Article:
rufus [ma crO' puhs roo' fus]
The red kangaroo is the largest living
marsupial, and the largest mammal native to
Australia. An adult male may stand 4 to 5 feet
tall and weigh up to 200 pounds, but adult
females rarely reach more than 3-1/2 feet in
height. Like all other kangaroos, the red
kangaroo has a large, well-muscled tail up to 4
feet long, and powerful hindquarters. The second
and third toes of each hind foot are fused and
shaped into a grooming claw that is quite sharp
and can be a very effective self-defense weapon.
The forelimbs end in clawed paws that are used
with great dexterity in eating, grooming, and
The red kangaroo's name comes from the reddish
brown color of the male's back and flanks; the
coat color of females is usually more bluish
Red kangaroos inhabit the dry,
inland, central part of Australia, and can be
found in scrubland, shrubland, grassland, and
desert habitats. Although they prefer to forage
in open plains areas with neither trees nor
bushes, they are seldom found too far from some
kind of shade or shelter.
Like all other kangaroos, the
red is a strict herbivore. Its preferred diet is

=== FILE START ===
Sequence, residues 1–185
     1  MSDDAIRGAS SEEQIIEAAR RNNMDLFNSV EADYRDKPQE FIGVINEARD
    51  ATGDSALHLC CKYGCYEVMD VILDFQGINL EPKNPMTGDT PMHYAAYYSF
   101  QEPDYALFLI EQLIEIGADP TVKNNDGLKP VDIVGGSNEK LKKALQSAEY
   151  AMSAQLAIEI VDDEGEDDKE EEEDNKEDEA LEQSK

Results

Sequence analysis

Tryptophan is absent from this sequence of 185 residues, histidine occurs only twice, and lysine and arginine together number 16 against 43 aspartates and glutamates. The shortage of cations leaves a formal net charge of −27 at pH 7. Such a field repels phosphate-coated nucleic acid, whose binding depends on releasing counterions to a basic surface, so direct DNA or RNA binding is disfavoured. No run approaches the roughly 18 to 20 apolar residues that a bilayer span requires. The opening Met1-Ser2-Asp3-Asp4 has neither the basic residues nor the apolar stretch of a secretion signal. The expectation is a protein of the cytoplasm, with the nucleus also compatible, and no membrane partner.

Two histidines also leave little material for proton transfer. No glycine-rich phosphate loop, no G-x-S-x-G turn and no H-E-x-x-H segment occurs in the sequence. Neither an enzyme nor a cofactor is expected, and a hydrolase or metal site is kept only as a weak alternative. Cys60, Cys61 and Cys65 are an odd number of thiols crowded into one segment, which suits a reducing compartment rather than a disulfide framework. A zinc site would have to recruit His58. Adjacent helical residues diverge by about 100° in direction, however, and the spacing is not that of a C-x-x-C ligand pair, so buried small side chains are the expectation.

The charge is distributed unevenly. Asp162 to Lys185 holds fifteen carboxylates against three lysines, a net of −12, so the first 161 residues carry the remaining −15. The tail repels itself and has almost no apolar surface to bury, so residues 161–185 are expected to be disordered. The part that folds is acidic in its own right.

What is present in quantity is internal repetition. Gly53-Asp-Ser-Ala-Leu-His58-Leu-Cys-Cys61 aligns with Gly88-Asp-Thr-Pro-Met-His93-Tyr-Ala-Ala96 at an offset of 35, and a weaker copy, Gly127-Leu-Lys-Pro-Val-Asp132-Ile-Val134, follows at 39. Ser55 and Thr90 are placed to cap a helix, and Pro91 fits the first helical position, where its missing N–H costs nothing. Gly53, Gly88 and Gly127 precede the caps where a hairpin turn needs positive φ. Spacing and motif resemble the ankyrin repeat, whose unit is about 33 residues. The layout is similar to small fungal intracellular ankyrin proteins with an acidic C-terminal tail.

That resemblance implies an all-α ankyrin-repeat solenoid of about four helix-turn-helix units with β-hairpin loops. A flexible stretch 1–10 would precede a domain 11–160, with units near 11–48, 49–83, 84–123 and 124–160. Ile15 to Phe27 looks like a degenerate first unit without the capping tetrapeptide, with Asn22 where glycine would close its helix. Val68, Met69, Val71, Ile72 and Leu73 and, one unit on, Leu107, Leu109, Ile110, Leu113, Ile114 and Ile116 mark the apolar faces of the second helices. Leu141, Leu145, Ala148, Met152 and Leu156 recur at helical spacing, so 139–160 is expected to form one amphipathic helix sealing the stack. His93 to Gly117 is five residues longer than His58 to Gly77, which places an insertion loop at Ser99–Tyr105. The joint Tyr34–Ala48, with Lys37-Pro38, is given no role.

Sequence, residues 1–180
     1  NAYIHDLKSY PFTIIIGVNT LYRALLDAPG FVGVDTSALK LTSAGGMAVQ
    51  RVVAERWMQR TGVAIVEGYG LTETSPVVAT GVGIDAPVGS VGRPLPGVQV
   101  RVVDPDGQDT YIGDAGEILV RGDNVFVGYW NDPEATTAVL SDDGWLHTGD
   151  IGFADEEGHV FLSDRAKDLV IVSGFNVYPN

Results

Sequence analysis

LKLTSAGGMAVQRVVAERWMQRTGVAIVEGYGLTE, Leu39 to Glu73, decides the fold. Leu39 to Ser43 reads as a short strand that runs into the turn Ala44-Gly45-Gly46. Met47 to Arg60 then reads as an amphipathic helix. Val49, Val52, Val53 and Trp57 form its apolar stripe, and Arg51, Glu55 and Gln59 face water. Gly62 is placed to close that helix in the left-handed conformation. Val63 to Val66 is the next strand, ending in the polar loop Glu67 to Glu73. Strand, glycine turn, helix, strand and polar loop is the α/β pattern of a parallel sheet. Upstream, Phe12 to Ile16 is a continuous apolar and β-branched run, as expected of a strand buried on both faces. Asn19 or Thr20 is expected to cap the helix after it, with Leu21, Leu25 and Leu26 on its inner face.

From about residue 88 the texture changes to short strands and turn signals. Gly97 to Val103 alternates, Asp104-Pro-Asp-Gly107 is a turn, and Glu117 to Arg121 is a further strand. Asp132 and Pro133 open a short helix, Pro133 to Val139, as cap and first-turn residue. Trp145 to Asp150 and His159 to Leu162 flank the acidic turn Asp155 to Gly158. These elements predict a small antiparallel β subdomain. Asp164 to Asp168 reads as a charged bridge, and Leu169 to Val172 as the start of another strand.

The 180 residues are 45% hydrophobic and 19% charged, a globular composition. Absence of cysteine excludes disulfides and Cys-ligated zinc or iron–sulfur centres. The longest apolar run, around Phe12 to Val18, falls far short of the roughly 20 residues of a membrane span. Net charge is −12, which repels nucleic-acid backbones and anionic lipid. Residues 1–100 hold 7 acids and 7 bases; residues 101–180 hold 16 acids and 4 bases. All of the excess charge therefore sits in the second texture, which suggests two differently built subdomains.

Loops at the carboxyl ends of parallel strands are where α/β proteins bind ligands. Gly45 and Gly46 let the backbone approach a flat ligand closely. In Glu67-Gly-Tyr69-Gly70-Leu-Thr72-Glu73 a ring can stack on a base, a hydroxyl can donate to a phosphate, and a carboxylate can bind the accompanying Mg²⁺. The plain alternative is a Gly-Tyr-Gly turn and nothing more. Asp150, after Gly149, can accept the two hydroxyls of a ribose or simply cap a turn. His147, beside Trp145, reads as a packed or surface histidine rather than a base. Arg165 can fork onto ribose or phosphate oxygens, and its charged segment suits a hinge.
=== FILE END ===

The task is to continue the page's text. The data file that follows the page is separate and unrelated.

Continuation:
a mixture of grasses and flowering plants, but it
will also eat leaves, wood, bark, and stems if
the preferred foods are scarce. Because their
preferred foods tend to be rich in moisture, red
kangaroos can go for months without taking a
drink of water.
Red kangaroos will breed at any
time of the year. Males compete for mating
opportunities with several females, with each
male trying to monopolize access to one group of
females and driving away all other males. No
permanent pair bonds are ever formed, however.
As with all other marsupials,
the baby kangaroo -- which is barely 3/4 inches
long and 1/25 ounce in weight -- is born nearly
helpless and must crawl from the birth canal into
the mother's pouch, where it will then remain and
finish its development for about 70 days. The joey
is weaned at about 1 year of age, but will
usually stay near its mother until it is 1-1/2 to
2 years old.
In favorable conditions, a
female red kangaroo will typically give birth to
three young every two years.
Females reach sexual maturity
at 15 to 20 months of age, males at 20 to 24
months. Red kangaroos live up to 22 years in the
Other Behaviors and
Red kangaroos typically live in
mobs of about 10 individuals, with the
majority being females with their offspring.
Females always stay with their natal mob, while
males typically move from mob to mob.
A red kangaroo can travel at 40
miles per hour over short distances, can leap 27
feet in a single bound, and can clear a
10-foot-high fence with ease.
Genus and Species Macropus rufus
Animal Diversity Web http://animaldiversity.org/accounts/Macropus_rufus/
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